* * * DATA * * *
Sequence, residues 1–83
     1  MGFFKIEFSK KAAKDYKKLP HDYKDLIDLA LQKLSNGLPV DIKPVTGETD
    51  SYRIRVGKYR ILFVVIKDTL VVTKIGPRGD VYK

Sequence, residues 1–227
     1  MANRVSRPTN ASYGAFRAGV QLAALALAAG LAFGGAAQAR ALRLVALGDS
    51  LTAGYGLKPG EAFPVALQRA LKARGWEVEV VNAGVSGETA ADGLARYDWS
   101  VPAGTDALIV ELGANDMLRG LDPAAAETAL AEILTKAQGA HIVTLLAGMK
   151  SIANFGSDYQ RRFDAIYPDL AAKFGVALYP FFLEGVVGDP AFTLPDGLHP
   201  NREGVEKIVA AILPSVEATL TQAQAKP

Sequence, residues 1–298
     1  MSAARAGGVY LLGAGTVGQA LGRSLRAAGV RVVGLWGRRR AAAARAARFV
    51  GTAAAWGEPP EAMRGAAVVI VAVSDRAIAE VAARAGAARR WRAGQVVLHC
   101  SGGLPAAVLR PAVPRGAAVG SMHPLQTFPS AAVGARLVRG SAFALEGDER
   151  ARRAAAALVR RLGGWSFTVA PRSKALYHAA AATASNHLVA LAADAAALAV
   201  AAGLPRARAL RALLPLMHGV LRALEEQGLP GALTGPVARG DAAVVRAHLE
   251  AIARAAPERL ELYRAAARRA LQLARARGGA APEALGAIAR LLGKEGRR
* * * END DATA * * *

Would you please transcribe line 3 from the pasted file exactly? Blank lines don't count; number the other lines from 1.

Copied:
    51  SYRIRVGKYR ILFVVIKDTL VVTKIGPRGD VYK